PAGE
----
Pitkin County assessor boosts website user capability | AspenTimes.com

Pitkin County assessor boosts website user capability

Janet Urquhart
The Aspen Times
Aspen CO Colorado

ASPEN – The Pitkin County Assessor’s Office wants to make its online data available for customized reports that users can create themselves, but last week’s announcement of the fees it will charge for the new capability was premature.

County commissioners were surprised to learn about the fee structure when a press release was issued last week announcing its implementation.

“I was like, ‘Wow, this is the first I’ve heard of this,’ and the board was like, ‘This is the first we’ve heard of this,'” said Jon Peacock, county manager.

While the proposed fees might be justified, commissioners want to discuss them first, he said.

“My concern was we hadn’t had the discussion, not that it’s not appropriate,” Peacock said.

County Assessor Tom Isaac said Monday that he jumped the gun in moving forward with the fees before consulting with commissioners.

“I screwed up,” he said.

Isaac said his office has been working on implementing the new system for two years. That’s how long it took to set up software that will allow customers to create an account and pay online by credit card for customized reports they can create using the assessor’s database.

“We’d been talking about it for so long, we forgot we hadn’t asked the commissioners,” he said.

Isaac said he is preparing a memo on the proposal for commissioners with the hope that the fees can be put in place soon.

The proposed website fee is $35 per month for unlimited use or $350 per year. Most assessors on the Western Slope charge customers for creating reports, as does Pitkin County. The proposed user fees for self-prepared reports are on the low end of the range, he said.

Users would still be able to peruse the online property data at no charge, but a customer who wants to manipulate the data with a new custom-sorting mechanism would pay the fee. Customers would create their own reports rather than having the Assessor’s Office do it for what has been a flat, $60 rate, according to Isaac.

“If you want to write down the mailing address of every person in the city of Aspen, as opposed to spitting the information out on a spreadsheet, you can do it for free,” he said.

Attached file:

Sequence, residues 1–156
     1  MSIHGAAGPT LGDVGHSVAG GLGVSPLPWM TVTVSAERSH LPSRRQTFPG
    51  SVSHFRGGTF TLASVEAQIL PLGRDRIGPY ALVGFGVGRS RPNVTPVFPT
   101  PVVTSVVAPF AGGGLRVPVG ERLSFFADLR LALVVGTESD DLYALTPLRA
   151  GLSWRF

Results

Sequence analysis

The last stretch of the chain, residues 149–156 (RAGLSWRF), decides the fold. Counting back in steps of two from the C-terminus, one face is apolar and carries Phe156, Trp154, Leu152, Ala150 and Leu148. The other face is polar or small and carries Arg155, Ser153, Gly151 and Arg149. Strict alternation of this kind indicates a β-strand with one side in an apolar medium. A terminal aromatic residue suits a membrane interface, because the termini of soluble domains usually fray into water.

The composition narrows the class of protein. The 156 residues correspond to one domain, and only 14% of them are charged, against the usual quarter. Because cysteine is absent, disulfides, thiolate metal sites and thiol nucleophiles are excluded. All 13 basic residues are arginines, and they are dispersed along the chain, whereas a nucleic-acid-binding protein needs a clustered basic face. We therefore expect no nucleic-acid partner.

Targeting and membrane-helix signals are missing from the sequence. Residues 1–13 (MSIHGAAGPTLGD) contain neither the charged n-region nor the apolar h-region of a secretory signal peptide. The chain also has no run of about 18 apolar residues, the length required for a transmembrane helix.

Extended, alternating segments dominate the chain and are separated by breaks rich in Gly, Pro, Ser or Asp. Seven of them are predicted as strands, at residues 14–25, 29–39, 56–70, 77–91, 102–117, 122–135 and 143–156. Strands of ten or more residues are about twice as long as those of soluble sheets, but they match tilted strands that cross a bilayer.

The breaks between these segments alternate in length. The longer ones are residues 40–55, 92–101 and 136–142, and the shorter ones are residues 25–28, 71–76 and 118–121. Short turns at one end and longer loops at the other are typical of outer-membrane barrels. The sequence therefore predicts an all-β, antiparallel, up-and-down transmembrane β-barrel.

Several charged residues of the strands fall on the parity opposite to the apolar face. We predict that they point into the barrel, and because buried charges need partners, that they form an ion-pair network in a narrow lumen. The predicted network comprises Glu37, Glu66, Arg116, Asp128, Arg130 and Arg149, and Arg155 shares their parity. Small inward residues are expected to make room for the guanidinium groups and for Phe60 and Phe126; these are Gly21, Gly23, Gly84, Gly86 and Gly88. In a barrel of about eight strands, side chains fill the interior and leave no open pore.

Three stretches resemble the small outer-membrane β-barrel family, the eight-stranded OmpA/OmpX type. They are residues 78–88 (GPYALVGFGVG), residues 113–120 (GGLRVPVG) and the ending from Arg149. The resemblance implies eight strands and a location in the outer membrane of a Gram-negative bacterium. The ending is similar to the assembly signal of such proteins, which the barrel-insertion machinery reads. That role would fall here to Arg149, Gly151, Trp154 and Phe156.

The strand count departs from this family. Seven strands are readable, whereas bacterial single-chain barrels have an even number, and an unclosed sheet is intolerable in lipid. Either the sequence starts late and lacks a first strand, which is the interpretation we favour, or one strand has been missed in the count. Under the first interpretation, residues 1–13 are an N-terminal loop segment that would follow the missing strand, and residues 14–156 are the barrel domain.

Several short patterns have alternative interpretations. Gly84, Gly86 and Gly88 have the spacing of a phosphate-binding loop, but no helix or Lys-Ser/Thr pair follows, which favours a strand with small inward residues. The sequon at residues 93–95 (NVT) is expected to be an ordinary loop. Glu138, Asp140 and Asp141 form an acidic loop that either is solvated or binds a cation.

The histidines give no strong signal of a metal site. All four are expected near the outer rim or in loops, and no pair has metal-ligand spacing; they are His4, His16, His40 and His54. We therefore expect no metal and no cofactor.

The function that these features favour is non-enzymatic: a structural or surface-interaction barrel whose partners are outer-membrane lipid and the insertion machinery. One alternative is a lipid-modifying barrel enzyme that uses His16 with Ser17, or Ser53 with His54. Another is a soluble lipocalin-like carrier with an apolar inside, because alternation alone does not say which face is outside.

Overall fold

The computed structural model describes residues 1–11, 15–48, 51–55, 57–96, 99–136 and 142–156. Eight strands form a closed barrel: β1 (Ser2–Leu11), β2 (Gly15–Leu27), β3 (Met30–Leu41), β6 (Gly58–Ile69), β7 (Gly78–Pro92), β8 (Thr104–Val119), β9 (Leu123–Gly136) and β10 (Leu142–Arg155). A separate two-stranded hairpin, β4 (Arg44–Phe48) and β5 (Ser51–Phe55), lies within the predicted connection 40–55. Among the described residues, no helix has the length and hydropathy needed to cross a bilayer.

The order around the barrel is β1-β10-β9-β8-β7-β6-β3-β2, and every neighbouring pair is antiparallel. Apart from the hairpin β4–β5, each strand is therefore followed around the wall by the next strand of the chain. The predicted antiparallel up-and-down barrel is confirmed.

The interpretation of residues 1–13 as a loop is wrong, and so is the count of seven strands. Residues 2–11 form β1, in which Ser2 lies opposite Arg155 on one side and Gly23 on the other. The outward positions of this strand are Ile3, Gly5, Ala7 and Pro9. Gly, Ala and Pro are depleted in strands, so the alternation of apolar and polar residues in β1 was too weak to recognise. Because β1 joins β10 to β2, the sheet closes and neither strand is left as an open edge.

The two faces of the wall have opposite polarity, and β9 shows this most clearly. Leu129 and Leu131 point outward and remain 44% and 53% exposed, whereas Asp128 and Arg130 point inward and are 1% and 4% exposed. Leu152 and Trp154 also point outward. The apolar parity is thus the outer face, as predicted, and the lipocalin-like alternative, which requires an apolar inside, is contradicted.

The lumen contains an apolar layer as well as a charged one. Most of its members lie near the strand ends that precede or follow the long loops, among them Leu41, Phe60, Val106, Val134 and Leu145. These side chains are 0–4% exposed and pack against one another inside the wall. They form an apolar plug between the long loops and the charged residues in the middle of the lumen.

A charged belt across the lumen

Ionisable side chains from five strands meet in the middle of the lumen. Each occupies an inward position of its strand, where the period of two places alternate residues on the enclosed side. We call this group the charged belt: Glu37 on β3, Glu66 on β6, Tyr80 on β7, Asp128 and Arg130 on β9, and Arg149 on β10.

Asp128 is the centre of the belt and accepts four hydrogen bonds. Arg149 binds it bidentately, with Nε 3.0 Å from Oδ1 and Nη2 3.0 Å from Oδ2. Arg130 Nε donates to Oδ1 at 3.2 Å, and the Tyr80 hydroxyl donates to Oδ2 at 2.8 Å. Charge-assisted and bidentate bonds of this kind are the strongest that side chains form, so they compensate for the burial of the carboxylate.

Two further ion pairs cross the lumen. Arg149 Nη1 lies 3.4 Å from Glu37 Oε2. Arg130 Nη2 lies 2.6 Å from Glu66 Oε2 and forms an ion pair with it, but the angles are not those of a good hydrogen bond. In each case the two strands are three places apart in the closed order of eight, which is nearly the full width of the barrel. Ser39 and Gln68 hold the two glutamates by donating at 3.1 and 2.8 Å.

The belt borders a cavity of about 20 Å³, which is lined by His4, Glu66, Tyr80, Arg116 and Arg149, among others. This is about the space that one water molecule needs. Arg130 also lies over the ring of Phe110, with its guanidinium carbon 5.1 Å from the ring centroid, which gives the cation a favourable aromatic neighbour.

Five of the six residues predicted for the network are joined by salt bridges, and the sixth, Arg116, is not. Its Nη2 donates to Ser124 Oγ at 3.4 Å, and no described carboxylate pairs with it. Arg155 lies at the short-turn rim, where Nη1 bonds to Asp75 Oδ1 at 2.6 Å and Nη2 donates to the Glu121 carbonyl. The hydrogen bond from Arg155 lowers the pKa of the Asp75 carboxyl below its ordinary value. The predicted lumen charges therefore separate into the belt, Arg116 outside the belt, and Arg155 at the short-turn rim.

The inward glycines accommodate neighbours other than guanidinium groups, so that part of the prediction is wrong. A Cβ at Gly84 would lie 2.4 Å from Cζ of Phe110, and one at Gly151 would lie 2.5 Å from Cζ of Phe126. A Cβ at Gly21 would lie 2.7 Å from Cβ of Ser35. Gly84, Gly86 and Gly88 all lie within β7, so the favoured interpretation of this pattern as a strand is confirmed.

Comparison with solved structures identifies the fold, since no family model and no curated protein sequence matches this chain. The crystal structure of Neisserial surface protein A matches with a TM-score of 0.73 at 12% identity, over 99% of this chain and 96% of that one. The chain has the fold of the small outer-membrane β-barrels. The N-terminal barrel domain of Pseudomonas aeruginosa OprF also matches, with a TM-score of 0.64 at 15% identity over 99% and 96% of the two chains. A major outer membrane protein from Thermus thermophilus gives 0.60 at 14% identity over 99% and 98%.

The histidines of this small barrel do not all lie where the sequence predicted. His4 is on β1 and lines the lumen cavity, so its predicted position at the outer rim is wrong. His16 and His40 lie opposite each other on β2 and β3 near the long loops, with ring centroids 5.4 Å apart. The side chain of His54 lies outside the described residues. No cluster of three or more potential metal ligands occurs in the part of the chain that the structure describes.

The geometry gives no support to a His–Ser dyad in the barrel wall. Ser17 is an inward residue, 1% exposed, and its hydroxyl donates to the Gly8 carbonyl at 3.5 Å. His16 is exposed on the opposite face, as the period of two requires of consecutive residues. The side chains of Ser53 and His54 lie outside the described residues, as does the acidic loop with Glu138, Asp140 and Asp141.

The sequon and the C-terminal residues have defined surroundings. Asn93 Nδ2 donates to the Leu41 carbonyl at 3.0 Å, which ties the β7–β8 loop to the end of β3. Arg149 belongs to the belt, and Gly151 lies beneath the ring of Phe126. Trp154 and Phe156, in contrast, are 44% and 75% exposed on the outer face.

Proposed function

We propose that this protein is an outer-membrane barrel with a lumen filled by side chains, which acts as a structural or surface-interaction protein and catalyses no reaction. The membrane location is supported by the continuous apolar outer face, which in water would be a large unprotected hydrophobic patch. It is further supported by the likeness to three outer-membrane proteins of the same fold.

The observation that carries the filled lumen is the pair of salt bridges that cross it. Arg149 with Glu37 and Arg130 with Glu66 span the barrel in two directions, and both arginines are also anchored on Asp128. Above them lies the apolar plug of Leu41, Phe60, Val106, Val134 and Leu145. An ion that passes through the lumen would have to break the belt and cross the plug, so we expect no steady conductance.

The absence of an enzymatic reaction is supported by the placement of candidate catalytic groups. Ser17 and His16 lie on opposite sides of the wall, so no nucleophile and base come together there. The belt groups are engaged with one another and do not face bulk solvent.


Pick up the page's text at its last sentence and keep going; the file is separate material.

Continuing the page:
The proposed charges will apply when someone wants to use the online sorting feature to create that mailing list or any other customized report – a list of every condo in Aspen or every property valued at $5 million or more in Pitkin County, for example.

The Assessor’s Office website – http://www.pitkinassessor.org – is used frequently by individuals creating customized mailing lists as well as by appraisers, title companies, brokers, property managers and students doing research, according to Isaac.

Charging customers to mine the county’s online data isn’t new. The county Clerk and Recorder’s Office charges $75 a week or $300 a month for unlimited access to the documents it has available online. Those rates have been in place since 2007, when the office began offering the service.

Some basic information can be gleaned without paying the fee, but those working from home or an office who wish to view Clerk’s Office documents in full, download documents or print them out must pay the fee. Researching documents on computers available to the public in the Clerk’s Office is free.

Charging for access to documents raises philosophical questions, Peacock said. Users who make heavy use of data and, in some cases, sell the information to their clients or use it for business purposes are routinely charged by counties, he said.

“There is a cost associated with making that data available,” he said.

On the other hand, once the data are online, maintaining their availability is not a huge expense, he added. Keeping information that is broadly used by the public available at no charge – allowing a property owner to look up information about their own house or a neighboring property on the assessor’s website, for example – probably ought to be free, Peacock said.

“It’s an interesting philosophical question as we move more and more toward providing services online,” he said.


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